There is more to life than life and death.  So much of our cultural attention is focused on squeezing the most out of life and easing one’s death that Easter always comes as a welcome shock.  The first simple sermon “He is risen” was a game changer.  It was so shocking Jesus’ disciples could not believe it at first.  When the truth settled into their hearts, they became cultural misfits.  The truth they knew changed the way they experienced life and changed what they feared.  Before this truth took hold of them they feared death.  They feared being ostracized and persecuted by people they had grown up to respect and love.  But this truth set them free from worldly fears and frustrations.  Jesus had risen from the dead.  Death was defeated, eternal life was true and available to Jesus’ disciples.

Their world view changed.  Their paradigm shifted big time.  Describe it any way you like.  This news changed their hearts and drove all the behaviors that flowed out of their hearts.  This is new life.  Those of us who call ourselves Christians struggle to live fully in the new life. We seek to find our way into the mystery of living in the world but not being of it.  We often find ourselves betwixt and between and so the message of Easter hits us like a sweet shock.  The further our hearts and behaviors reflect the truth of Jesus’ resurrection the less surprising the message of Easter is.  The degree to which we have settled into the world’s understanding of life and death is the degree that the message of Easter is alien to our lives. It comes as a shock.  Like an unexpected light shower on a scorching day, it intrudes into our life with a refreshing promise of a better life.

The Apostle Paul wrote of this tension in his own life.

So I find it to be a law that when I want to do right, evil lies close at hand. For I delight in the law of God, in my inner being, but I see in my members another law waging war against the law of my mind and making me captive to the law of sin that dwells in my members.  Wretched man that I am! Who will deliver me from this body of death?  Thanks be to God through Jesus Christ our Lord! So then, I myself serve the law of God with my mind, but with my flesh I serve the law of sin.  (Romans 7:21-25)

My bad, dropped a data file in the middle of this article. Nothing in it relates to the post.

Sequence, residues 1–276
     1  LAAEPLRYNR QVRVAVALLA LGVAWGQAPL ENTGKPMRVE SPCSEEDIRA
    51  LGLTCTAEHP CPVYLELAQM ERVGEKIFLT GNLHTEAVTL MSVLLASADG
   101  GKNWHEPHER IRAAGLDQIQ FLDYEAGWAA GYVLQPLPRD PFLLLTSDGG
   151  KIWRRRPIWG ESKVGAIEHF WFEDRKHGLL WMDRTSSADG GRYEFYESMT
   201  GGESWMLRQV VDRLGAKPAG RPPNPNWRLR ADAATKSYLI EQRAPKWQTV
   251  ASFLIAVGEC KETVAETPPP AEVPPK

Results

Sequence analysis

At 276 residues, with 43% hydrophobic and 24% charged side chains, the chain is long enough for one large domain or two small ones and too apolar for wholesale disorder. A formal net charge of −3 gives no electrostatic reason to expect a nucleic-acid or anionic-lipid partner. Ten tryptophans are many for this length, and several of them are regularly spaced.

Paul’s distinction between flesh and spirit is another way of describing the tension that we know so well.  Wouldn’t it be nice if the message of Easter would take such total root in our hearts and minds that we could live in complete freedom and joy, unburdened by the temptations to an earthly life that call to us daily.  The ever present rich irony is of course that the degree that we are free in Christ is the degree that we truly enjoy God’s created world and our time in it.  Our faith is not magic.  We are changed and transformed by the renewing of our minds.  The truth of Jesus’ resurrection sets us free, but we must learn to live freely.  The struggle with temptation is the training we receive for eternal life.  We must learn to both believe and act in belief.  As Paul writes later in Romans 10:10, “For with the heart one believes and is justified, and with the mouth one confesses and is saved.”

If our lives do not conform to the truth of Jesus’ resurrection we live a sort of Christian half life.  And so we have Lent, a season of repentance for the myriad ways we choose death over life.  Why do we choose the pleasures of this earthly life over the joy of a life lived with God?  We choose to do the things we know God does not want for us.  We are driven by dreams of fulfillment that offer temporary satisfaction but always disappoint us.  We live compromised lives.  Lent reminds us that we have a choice.  We can choose to grow more Christlike. We can choose life.  We can live more into God and really enjoy the fruit of God’s Creation.

This is Easter Preparation: to honestly examine the truth of our lives in the light of the hope of a life lived with God, and choose to love God more than life.